where N(r) is the number concentration of particles having radius r. The effective radius, which is dependent on the spectral albedo A at 3.9 μm, is retrieved using the results obtained by Rosenfeld and Gutman (1994), which were tabulated in a lookup table of A versus reff using an inversion of a radiative transfer model (Nakajima and King 1990). That lookup table was originally calculated for AVHRR channel 3. However, the spectral difference of the NOAA/AVHRR's channel 3 (3.350–4.100 μm) and that of the GOES's channel 2 (3.697–4.115 μm) is very small, and the spectral albedo in these two bands for practical purposes is assumed to be identical. Therefore, it is believed that use of the Rosenfeld lookup table obtained for the NOAA/AVHRR's channel 3 is justified. The maximum value of the effective radius that can be obtained in the Rosenfeld lookup table is 30 μm because A at 3.7 μm saturates quickly for clouds with large particles (Rosenfeld and Lensky 1998). It was shown by Rosenfeld and Gutman (1994) that clouds having an effective radius higher than 14 μm at their top contain precipitation-sized hydrometeors that can be detected by weather radars. The effective radius is used here to extend the rainfall algorithm to warmer clouds where the infrared-only algorithm is ineffective.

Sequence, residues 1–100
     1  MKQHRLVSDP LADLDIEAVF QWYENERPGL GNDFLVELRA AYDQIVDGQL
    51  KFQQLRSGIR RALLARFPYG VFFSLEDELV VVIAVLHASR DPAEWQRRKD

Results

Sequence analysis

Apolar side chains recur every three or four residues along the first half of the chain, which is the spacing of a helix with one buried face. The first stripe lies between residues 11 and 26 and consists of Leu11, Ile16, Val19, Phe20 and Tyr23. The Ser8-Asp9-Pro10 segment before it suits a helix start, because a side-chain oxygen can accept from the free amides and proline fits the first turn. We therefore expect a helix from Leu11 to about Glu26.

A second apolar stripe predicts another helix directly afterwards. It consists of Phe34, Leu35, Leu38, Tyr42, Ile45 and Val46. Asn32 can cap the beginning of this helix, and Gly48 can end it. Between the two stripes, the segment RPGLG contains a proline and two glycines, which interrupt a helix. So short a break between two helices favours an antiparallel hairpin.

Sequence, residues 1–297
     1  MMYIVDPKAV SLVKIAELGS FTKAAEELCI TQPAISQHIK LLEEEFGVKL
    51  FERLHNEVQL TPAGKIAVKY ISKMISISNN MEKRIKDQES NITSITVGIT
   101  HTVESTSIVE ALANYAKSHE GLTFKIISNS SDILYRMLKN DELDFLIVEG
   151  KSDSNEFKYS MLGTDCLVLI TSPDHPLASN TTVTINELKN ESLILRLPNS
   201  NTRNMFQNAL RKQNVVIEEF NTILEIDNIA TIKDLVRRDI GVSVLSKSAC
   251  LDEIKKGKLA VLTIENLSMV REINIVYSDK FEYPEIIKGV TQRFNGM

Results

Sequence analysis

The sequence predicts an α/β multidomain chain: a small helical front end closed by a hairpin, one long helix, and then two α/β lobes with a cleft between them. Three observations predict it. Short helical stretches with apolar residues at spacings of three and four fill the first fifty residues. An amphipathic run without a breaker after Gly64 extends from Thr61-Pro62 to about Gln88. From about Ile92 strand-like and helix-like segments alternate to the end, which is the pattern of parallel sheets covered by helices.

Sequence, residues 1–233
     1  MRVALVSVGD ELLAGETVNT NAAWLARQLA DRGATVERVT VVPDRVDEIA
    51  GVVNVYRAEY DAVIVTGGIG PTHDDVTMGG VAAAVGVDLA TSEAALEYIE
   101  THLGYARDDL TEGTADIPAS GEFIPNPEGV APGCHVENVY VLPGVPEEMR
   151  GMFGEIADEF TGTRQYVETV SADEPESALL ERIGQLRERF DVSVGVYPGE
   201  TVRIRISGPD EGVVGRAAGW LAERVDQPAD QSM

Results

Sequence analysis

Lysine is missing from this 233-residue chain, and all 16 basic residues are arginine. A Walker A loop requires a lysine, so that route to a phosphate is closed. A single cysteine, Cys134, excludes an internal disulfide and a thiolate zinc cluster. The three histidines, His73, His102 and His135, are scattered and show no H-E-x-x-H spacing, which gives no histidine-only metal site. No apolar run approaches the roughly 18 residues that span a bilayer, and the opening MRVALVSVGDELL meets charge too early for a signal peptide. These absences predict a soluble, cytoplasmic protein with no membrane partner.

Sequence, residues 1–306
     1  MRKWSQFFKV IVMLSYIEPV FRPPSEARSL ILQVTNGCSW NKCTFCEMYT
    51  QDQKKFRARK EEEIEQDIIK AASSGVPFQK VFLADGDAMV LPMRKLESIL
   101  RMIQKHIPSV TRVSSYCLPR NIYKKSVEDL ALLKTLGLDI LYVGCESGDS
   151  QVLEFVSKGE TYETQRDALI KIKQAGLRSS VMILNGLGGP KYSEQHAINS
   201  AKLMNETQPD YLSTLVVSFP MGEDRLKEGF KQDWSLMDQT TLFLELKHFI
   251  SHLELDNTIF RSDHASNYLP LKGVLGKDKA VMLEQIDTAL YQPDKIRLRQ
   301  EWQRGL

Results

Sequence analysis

We compared the values of retrieved effective radius obtained from the two-dimensional lookup table to those of a three-dimensional model (A. Heidinger 2000, personal communication), but the differences were not significant for the purpose of this study. Moreover, the two-dimensional lookup table is computationally more efficient for real-time rainfall estimation from GOES observations.

Evaluation of screening method

To evaluate the performance of the algorithm in rain detection and the usefulness of the effective radius of cloud particles for improving the screening of nonrain, contingency tables of rain versus nonrain, as determined by the ground-based rainfall measurements (GHRC radar and NCEP gauge-adjusted radar) and by the satellite algorithm, are set up. To minimize erroneous data, observations where the NCEP estimate = 0 and GHRC estimate > 0 or where the NCEP estimate > 0 and GHRC estimate = 0 are rejected. A Heidke skill score (Skill), as described by Conner and Petty (1998), is computed from these tables. Also computed is a probability of detection (POD) and a false alarm ratio (FAR). These different statistical measures are defined in the following equations:
i1520-0450-40-8-1500-e8